History & Overview
The Pomeranian descended from a large German Spitz dog of the 16th century, like the related Keeshond, Samoyed, and Norwegian elkhound. It was probably bred down in size from a 30-pound sheepdog. He is very eager to please, active, alert, but gentle. The Pomeranian is a compactly built dog with a fox-like head and small, erect ears. Its long coat, especially full on the neck and chest, may be any of a variety of colors, including white, black, brown, and reddish brown. The Pomeranian stands about 6 to 7 inches high and weighs about 3 to 7 pounds.
As with the Papillon, the Pomeranian dog is a member of the Toy breed. Unlike the Papillon though, the Pomeranian is not recommended for families with small children. They do tend to be a little temperamental and will snap at children they find to be too aggressive. The Pomeranian does make a great pet though for families with older children or elderly people.
The Pomeranian is intelligent, lively and makes a delightful family dog. It must always be remembered that the Pomeranian is a member of the spitz family and can, therefore, be very loyal and protective of its owners. However, the Pomeranian can be somewhat reserved with strangers and does have a tendency to bark at them.
This is an alert and curious dog, always busy, but the Pomeranian can be both bold and willful. As one of the more independent of the Toy breeds, the Pomeranian can be slightly sharp-tempered, but his affectionate nature is very endearing. Although of small stature, this breed has a resonant bark and makes a good watchdog. A Pomeranian must know who the boss is, and he requires gentle but firm training. Otherwise, he may become overly demanding if allowed to get too much of his own way.
Although the Pomeranian is small enough to live in an apartment, townhouse, and is a breed that will, to a large extent, exercise himself, owners should still provide their dogs with exercise regularly. The Pomeranian can make an exceptionally loyal companion for the elderly and can provide many happy years of pleasure and companionship.
Pomeranians & Children
Because Pomeranians are so tiny, this breed is not generally recommended for families with small children. The danger is that children will treat the Pomeranian as a toy and might unintentionally do the dog harm. However, there are exceptions to any rule and a great deal depends upon the control and attitude of parents, as well as the sensitivity and intelligence of the children.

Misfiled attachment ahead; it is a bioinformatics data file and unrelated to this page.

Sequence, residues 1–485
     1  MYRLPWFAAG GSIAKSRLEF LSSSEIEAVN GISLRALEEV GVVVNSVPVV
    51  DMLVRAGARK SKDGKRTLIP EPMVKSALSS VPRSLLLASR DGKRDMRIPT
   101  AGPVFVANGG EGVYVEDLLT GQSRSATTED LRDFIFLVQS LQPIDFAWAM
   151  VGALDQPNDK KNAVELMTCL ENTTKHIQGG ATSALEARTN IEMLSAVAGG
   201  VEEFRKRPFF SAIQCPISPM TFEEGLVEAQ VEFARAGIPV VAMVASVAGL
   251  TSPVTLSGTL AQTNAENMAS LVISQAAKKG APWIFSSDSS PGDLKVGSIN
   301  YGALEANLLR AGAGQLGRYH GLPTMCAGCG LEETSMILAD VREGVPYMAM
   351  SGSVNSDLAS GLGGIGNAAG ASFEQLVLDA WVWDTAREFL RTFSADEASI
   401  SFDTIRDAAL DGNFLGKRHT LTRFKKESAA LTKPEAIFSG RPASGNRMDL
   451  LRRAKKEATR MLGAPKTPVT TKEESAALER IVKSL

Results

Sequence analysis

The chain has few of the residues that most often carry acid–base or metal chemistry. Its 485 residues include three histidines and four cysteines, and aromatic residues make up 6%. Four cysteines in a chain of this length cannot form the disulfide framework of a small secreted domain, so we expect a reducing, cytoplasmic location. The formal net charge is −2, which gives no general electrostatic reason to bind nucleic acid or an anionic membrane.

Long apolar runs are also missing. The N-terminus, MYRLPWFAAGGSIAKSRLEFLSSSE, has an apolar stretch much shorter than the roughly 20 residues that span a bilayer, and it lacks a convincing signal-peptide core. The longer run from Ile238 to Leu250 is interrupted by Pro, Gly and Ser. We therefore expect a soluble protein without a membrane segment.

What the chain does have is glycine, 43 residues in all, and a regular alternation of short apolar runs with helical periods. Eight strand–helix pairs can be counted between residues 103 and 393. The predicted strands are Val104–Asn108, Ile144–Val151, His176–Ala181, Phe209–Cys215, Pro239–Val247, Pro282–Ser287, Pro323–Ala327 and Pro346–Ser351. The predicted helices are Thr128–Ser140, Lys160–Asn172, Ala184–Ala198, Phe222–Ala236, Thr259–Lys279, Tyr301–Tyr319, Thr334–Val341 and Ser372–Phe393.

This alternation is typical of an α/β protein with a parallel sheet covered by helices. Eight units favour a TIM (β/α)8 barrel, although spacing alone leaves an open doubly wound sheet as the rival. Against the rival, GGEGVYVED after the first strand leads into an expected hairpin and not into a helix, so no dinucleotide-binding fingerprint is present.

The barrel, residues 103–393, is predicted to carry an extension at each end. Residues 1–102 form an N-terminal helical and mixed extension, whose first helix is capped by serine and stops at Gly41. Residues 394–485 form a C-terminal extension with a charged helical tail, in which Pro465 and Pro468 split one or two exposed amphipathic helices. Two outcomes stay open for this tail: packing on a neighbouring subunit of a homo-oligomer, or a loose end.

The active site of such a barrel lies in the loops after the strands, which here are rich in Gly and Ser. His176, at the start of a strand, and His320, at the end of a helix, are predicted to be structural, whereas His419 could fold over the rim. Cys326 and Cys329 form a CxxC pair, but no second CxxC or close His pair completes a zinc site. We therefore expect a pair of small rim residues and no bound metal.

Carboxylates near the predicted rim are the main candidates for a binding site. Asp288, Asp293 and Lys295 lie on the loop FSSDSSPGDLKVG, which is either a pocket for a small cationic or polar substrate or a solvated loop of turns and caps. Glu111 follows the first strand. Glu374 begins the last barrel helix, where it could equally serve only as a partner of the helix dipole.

The key to how good of a pet your Pomeranian is will be how well you train it at an early age. If you don’t train it well, then you will find that it doesn’t listen to you with easy to understand commands. The Pomeranian usually will get to about 9 inches tall and will weigh about 5 pounds. Grooming is essential with these dogs, with particular attention needed for the eyes and ears.
Fondly described as “animated puff-balls”, Poms appear in 12 different colors:
- Orange Sable
- Wolf Sable
The coat is amazingly thick and upstanding, with exaggerated ruff that completely surrounds the small foxy face, and a fluffy tail which is held up over the back.
At A Glance
Pom, Dwarf Spitz
Country of Origin:
Watch & Companion Dog
FCI Classification: Group 5 – Spitz Dogs; Section 4 – European Spitz (without working trial)
AKC Classification: Toy Group
Small (7 – 11 inches at shoulders)
Black, brown, white, orange, gray-shaded, and other colors
9 – 15 years
They need to be brushed 1 – 2 times a week and trimmed once in three months.
Intelligent, vivacious, very devoted to its owner. Pomeranians are wary of strangers and make good watchdogs.
Pomeranians usually get along with other cats and dogs but can be aggressive toward unfamiliar dogs.
Suitability for Children:
Pomeranians may not be friendly even with all members of their families and will not tolerate young children. They will guard their toys and food and, if teased, can become nervous, which can lead to defensive biting. They are usually good with older children.
Although primarily known for being a lap dog, Pomeranians have plenty of energy that can exhaust their owners.
Begin obedience training early. Consistency and patience required. Poms responds well to a sensitive, firm owner.
Health & Behavioral Issues:
Responsible breeders will make sure that their breeding stock does not have hereditary disorders.